For info or tickets contact the Showoff Gallery, 1210 C St, Bellingham, WA, or call 360-738-4713. Passes are also available at www.ticketweb.com.
DJ Sneak & Doc Martin
(DJ) This summer's USC Funk the Sound series is, sad to say, no longer waterborne. But Funk the Showbox isn't so bad if you think about it--no bone-chilling summer "breezes" off of Elliott Bay, and if attendees want to go home early, there'll be no Escape from Alcatraz-style swimming effort required. Just scoot downtown to catch Doc Martin and DJ Sneak play a Dramamine-free set together under the same roof. Chicago's Puerto Rican-born Sneak and L.A. house maven Martin seem like an odd pair, but they've been friends since way back. The former's dense, synth-heavy underground sound just might make a lovely match for the latter's prettier, more Californicated beats. LEAH GREENBLATT
Showbox, 1426 First Ave, 628-3151, 9 pm, $12.
(DRIVING SKILLS) I know you've never realized this, but on your car are two amazing devices. They're called turn signals! These powerful and yet amazingly simple tools make it possible for you to communicate with other drivers, without so much as having to roll your window down. It's a crude form of communication, more basic than Morse code or even semaphore, and yet crystal clear. "Look, I'm going to turn right. Look, I'm going to turn left." You'll be impressed by how much more pleasant other people are to you when you share this ordinary information with them. I know that it's foreign to Seattle's entire driving culture, but go on, give them a try. BRET FETZER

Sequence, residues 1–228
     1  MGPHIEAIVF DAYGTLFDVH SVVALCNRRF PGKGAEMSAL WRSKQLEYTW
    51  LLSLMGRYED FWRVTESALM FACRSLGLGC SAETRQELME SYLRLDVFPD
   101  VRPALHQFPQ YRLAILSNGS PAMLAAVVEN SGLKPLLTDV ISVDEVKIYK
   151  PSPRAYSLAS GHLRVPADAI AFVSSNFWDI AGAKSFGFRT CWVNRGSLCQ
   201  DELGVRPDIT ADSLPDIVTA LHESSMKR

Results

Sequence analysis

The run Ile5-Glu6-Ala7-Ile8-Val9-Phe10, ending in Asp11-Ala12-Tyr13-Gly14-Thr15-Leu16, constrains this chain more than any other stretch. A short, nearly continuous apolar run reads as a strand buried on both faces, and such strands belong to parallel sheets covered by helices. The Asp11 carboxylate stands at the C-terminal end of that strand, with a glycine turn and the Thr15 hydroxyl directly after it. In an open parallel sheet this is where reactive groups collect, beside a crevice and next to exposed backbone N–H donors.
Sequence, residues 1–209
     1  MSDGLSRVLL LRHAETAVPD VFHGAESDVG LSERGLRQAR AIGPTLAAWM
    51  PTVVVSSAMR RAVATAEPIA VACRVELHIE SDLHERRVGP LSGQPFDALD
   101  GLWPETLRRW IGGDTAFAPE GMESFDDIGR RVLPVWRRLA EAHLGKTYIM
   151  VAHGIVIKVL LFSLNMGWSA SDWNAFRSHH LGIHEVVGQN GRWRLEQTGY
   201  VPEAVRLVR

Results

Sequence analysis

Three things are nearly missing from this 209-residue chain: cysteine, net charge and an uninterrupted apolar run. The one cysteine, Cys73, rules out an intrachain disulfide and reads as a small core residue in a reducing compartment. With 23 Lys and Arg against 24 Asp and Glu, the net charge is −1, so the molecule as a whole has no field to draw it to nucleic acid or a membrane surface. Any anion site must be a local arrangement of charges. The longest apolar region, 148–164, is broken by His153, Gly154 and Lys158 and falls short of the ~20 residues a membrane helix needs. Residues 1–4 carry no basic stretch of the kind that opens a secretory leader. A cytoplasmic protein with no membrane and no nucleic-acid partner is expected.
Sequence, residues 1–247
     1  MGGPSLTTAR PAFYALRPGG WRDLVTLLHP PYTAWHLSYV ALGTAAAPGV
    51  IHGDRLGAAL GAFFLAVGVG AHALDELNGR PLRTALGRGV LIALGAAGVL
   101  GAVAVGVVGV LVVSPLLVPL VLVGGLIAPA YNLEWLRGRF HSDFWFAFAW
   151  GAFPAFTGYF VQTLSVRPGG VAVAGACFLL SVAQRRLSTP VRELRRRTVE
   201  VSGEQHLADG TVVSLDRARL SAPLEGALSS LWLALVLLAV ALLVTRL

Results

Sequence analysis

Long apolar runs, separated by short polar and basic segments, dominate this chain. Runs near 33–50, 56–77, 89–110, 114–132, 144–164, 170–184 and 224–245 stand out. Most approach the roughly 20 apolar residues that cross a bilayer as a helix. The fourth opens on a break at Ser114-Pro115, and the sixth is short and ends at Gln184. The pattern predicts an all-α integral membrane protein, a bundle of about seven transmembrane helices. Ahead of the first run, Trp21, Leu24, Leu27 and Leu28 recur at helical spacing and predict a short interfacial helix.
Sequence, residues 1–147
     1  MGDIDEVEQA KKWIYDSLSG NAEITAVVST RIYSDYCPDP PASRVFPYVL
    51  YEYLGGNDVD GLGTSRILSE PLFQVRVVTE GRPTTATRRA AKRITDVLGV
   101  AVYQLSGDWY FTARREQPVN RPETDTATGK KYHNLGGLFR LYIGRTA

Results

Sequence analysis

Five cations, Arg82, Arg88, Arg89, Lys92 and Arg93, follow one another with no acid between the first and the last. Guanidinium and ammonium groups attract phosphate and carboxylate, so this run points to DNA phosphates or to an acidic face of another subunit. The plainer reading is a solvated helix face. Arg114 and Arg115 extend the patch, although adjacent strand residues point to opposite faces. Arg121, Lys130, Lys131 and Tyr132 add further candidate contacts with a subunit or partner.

Your turn signals are controlled by a lever sticking out of your steering column. You should be able to flick it on and off with your fingers as you drive.
Language Let Loose
(ART) There are so many ways in which visual art resists language (after all, the impulse to express oneself through language usually manifests in books and bad poetry), but it doesn't follow that the one mode always operates to the exclusion of the other. In fact, some of the most interesting art takes language into account, and as proof, the Seattle Art Museum is offering Language Let Loose, a tiny little exhibition on the incorporation of text into the visual world. The show's centerpiece is Gary Hill's installation House of Cards: a stack of video monitors that reveal, foot by foot, the interior of a house, while two monitors on either side show a man and a woman, softly saying (almost chanting) strings of non-sequiturs. There's also work by Walker Evans, Ed Ruscha, and Alice Wheeler, and a set of Robert Heinecken's Recto/Verso pieces, complete with intelligent but unrelated commentary. The exhibition is nearly hidden between two major shows, but it speaks loudly indeed. EMILY HALL
Seattle Art Museum, 100 University St, 654-3158. Through April 29.